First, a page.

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Entropy 2018, 20(10), 738; doi:10.3390/e20100738

Article
Entropy Generation Rates in Two-Dimensional Rayleigh–Taylor Turbulence Mixing
1
,
2
,
2
,
1,3,* and 1,4,*
1
Faculty of Mechanical Engineering and Automation, Zhejiang Sci-Tech University, Hangzhou 310018, China
2
Zhejiang Yilida Ventilator Company, Taizhou 318056, China
3
State-Province Joint Engineering Lab of Fluid Transmission System Technology, Hangzhou 310018, China
4
College of Energy Engineering, Zhejiang University, Hangzhou 310018, China
*
Authors to whom correspondence should be addressed.
Received: 20 August 2018 / Accepted: 17 September 2018 / Published: 26 September 2018

Abstract

:
Entropy generation rates in two-dimensional Rayleigh–Taylor (RT) turbulence mixing are investigated by numerical calculation. We mainly focus on the behavior of thermal entropy generation and viscous entropy generation of global quantities with time evolution in Rayleigh–Taylor turbulence mixing. Our results mainly indicate that, with time evolution, the intense viscous entropy generation rate s u and the intense thermal entropy generation rate S θ occur in the large gradient of velocity and interfaces between hot and cold fluids in the RT mixing process. Furthermore, it is also noted that the mixed changing gradient of two quantities from the center of the region to both sides decrease as time evolves, and that the viscous entropy generation rate S u V and thermal entropy generation rate S θ V constantly increase with time evolution; the thermal entropy generation rate S θ V with time evolution always dominates in the entropy generation of the RT mixing region. It is further found that a “smooth” function S u V t 1 / 2 and a linear function S θ V t are achieved in the spatial averaging entropy generation of RT mixing process, respectively.
Keywords:
entropy; Rayleigh–Taylor; turbulence; mixing; lattice Boltzmann method

1. Introduction

Rayleigh–Taylor (RT) instability occurs in a large number of engineering applications. In general, it mainly originates at the interface between a heavy fluid and a light fluid due to a gravitational field [1,2,3,4,5,6]: the colder layer is placed above the hotter layer due to a gravitational field causing the accumulation of two layers in a single-phase fluid [3]. Zhou [4] studied the statistical properties of the kinetic energy dissipation rates and thermal energy dissipation rates in 2D RT turbulence. One of the critical issues is a deeper comprehension of the transport mechanisms of both the viscosity and thermal entropy generation rate inside the mixing zone during RT turbulence. The local entropy generation rates that play a substantial role in energy-loss are the viscosity and thermal entropy generation rate fields [7,8], which are given in two dimensions.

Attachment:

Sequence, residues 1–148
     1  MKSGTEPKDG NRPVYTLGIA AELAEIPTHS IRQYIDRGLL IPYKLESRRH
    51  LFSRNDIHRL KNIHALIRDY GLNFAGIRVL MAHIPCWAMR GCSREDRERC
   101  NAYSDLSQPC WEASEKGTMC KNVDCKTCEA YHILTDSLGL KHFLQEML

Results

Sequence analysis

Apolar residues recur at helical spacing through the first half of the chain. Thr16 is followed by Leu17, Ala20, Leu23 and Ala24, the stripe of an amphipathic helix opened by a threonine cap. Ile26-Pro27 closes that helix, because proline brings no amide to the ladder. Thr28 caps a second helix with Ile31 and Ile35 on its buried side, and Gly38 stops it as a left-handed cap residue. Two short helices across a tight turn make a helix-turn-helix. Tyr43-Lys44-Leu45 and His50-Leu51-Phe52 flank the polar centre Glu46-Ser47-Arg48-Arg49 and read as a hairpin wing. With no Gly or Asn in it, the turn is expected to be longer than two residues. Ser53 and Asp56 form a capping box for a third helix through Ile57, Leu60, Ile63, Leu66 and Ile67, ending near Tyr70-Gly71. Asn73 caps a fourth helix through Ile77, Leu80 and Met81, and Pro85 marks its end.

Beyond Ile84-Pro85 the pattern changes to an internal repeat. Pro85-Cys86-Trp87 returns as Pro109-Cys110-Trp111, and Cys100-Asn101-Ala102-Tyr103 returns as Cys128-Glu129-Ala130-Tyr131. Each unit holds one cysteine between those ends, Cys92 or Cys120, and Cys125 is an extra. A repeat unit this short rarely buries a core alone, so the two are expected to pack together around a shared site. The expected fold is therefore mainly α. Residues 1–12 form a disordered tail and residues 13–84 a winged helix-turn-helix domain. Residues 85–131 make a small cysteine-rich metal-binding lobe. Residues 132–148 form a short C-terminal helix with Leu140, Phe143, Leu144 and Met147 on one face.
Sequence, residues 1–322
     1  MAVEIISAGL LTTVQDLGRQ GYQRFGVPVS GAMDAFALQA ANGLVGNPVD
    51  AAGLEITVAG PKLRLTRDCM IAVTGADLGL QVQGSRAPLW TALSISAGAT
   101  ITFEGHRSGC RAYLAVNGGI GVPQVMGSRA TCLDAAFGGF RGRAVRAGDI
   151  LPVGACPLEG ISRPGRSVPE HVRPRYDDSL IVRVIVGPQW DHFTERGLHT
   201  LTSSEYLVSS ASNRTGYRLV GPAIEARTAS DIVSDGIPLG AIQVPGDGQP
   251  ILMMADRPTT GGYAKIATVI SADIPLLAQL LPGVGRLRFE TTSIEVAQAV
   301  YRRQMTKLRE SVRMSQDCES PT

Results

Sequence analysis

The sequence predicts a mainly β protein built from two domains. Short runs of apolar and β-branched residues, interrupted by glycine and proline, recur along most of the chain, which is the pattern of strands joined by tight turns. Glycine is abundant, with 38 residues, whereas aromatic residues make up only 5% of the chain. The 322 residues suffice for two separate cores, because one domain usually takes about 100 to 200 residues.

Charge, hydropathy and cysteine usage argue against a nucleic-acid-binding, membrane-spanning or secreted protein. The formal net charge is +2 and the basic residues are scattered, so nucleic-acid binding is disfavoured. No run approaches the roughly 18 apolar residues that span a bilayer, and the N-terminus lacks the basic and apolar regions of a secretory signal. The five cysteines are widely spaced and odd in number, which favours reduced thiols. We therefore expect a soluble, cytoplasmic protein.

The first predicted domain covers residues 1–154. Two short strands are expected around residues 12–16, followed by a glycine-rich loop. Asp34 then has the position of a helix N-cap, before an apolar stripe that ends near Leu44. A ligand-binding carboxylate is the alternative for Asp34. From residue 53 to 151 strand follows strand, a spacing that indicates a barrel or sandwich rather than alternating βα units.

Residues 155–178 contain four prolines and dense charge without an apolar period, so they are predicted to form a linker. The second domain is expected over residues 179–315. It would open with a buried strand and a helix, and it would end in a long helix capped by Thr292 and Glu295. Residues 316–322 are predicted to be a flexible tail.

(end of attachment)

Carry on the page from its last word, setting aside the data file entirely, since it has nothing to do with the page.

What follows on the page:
S u = μ θ { 2 [ ( u x ) 2 + ( v y ) 2 ] + ( u y + v x ) 2 }
And
S θ = κ θ 2 [ ( θ x ) 2 + ( θ y ) 2 ]
where S u and S θ represent the direct viscosity and thermal entropy generation rate. They mainly measure the magnitudes of gradients of the temperature and velocity fields. Many aspects of entropy generation have been investigated in the past decades [9,10,11,12,13,14,15]. Qing (2016) [9], Abbas (2016) [10], Yang (2018) [11], Pizzolato (2016) [12], Mahian (2011) [13], Bhatt (2016) [14,15], etc. have discussed local entropy generation rates including a large amount of phenomenological information. Zahmatkesh et al. [16] found that the discontinuous heating/cooling boundary can bring about a high generation rate. Oztop et al. [17] reported the thermal entropy generation of a nanofluid in various magnetic field obstacles. Sciacovelli et al. [18] presented a review about entropy generation analysis in various engineering systems. Wei et al. [19] discovered that entropy generation in natural convection can be effected by different Prandtl numbers.t. Wang et al. [20] discovered that discrete heat boundary conditions can affect entropy generation in natural convection. Jin [21] reported that entropy is a powerful method by the tool of Computational Fluid Dynamics.